May 30, 2012
The ongoing economic crisis has underlined the importance of female entrepreneurship, which historically has been a significant defense against economic distress for many families.
First-year B.B.A. Scholar Kalindi Dinoffer is searching through historical records and data to learn what conditions best promote this activity in both good and bad economic times, and eventually may search as far back as the Colonial era.
The information will support research conducted by Maria Minniti, Bobby B. Lyle Chair of Entrepreneurship at Cox School of Business, who plans to expand her study of female entrepreneurship into a book. Minniti says she recognized resourceful and detail-oriented qualities in Dinoffer, who took a business decision-making class from her last fall, which would make for a reliable research assistant.
The two meet weekly to go over the data that Dinoffer has found.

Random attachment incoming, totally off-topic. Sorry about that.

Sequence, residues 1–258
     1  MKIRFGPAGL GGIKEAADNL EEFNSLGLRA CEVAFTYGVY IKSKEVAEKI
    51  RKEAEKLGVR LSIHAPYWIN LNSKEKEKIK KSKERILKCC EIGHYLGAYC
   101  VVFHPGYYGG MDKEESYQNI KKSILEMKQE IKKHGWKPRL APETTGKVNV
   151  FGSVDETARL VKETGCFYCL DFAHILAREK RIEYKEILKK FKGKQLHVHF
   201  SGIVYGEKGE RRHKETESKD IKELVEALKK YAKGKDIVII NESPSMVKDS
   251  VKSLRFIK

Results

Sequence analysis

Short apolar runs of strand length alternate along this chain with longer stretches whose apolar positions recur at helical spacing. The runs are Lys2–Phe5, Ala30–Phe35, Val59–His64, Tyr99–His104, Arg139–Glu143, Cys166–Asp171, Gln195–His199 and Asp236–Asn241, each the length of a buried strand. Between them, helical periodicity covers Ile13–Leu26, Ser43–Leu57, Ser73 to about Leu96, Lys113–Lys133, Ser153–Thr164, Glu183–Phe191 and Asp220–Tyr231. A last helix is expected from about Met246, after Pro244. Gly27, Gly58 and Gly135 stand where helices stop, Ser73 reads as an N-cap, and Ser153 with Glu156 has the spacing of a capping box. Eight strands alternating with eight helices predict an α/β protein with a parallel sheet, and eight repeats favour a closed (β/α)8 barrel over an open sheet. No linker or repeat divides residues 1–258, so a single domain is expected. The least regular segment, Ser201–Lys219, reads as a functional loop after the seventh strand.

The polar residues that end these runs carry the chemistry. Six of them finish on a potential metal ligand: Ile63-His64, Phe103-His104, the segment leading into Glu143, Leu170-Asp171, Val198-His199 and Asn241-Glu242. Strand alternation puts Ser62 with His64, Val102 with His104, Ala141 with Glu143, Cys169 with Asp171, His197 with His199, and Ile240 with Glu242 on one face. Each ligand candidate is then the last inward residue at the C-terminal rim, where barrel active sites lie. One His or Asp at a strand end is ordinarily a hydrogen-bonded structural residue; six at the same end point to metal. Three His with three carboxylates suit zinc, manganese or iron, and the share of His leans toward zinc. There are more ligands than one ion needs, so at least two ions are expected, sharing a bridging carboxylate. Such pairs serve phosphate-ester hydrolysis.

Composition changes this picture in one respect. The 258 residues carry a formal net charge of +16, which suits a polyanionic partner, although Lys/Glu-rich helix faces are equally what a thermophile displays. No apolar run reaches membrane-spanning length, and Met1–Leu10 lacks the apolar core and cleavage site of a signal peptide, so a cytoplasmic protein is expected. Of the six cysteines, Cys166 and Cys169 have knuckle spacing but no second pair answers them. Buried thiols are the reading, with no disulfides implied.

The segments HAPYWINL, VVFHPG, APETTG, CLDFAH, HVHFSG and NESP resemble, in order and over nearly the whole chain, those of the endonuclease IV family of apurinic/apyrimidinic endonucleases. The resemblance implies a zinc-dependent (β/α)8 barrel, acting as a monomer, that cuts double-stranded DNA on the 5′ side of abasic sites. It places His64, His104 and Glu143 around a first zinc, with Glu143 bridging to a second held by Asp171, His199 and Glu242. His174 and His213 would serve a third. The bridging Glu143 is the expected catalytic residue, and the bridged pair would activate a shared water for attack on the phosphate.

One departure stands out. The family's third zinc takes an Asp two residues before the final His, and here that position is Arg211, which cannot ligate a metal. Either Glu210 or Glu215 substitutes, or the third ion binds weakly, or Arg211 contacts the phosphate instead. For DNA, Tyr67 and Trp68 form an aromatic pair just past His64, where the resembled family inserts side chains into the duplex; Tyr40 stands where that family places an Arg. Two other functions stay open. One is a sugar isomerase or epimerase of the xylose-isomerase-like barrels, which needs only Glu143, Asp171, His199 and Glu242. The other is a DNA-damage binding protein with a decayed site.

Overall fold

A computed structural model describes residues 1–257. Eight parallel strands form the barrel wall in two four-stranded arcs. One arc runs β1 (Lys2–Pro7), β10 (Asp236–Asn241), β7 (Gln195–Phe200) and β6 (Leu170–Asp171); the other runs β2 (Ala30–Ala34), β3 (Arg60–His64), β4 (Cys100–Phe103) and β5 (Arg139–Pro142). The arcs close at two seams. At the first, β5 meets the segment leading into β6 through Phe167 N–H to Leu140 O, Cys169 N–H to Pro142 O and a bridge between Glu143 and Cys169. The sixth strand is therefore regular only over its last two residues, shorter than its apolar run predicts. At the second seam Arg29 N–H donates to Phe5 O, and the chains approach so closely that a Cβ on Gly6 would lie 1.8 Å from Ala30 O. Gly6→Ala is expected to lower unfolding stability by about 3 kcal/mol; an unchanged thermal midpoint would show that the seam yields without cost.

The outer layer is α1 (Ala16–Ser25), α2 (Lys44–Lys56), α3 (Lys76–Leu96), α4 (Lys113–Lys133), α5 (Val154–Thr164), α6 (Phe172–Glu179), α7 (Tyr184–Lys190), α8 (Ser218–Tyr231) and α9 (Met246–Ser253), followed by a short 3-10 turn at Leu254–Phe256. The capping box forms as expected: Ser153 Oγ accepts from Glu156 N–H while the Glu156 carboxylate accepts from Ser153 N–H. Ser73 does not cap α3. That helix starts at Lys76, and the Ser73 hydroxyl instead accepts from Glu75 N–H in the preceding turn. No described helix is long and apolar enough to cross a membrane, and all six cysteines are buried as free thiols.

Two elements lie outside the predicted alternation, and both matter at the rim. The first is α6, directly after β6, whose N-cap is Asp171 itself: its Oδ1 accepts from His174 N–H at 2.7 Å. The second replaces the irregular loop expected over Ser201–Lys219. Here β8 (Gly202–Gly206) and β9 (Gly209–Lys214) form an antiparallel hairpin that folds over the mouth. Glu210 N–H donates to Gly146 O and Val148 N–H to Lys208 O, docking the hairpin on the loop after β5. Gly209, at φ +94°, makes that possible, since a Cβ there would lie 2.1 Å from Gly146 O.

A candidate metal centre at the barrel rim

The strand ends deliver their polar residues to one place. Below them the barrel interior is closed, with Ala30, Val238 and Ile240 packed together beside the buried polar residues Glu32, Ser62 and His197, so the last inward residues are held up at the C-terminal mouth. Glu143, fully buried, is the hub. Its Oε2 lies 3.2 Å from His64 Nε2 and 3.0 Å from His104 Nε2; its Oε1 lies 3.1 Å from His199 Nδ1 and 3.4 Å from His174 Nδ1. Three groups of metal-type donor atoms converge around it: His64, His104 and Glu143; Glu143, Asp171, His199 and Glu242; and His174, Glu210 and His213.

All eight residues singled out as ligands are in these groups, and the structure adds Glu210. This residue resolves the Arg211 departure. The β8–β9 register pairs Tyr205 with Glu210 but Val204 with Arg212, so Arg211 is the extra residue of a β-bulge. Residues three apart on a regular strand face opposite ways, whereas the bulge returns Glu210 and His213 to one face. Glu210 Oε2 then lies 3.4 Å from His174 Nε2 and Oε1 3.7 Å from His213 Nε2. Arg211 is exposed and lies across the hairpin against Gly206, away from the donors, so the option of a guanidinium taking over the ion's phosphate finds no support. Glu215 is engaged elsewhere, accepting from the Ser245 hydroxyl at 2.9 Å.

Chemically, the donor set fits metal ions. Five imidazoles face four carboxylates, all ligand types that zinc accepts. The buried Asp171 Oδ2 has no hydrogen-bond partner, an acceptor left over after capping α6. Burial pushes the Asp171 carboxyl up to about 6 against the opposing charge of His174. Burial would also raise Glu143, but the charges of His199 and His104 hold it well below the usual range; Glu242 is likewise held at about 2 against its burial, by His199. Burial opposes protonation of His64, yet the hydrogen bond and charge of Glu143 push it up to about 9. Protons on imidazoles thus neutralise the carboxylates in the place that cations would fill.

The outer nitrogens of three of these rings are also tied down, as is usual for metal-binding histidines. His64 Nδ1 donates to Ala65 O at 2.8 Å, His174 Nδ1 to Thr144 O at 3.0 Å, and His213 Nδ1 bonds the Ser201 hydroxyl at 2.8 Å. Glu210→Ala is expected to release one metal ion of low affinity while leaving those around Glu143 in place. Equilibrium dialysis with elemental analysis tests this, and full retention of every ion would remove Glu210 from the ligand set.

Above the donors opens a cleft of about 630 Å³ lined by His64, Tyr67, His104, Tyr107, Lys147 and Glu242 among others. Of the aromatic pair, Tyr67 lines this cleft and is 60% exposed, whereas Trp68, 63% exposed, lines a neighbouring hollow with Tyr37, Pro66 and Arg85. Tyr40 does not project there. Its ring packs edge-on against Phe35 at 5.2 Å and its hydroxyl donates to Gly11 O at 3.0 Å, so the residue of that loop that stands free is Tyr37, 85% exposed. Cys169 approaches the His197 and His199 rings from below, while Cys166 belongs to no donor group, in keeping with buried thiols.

“Learning more about female entrepreneurship and its historical evolution will teach us a lot about how individuals (both men and women) respond to incentives, to uncertainty, and how employment choices are made,” Minniti says. “We also will learn what policies and institutional systems are more conducive to women’s participation in the labor force and how the legal and regulatory systems molded the socioeconomic dynamics of the U.S. labor market.”
Dinoffer, who is also considering studies in the social sciences and economics, thought she would conduct the research for a semester, but “now I’ve gotten invested in this and can’t just hand off the data to someone else! And I’ve learned that interacting with faculty is what you make of it, that they respond if you show you’re interested. Dr. Minniti has gone above and beyond in making herself accessible to her students.”
Read more about shared explorations at SMU, where faculty mentor young researchers in their quest for knowledge.
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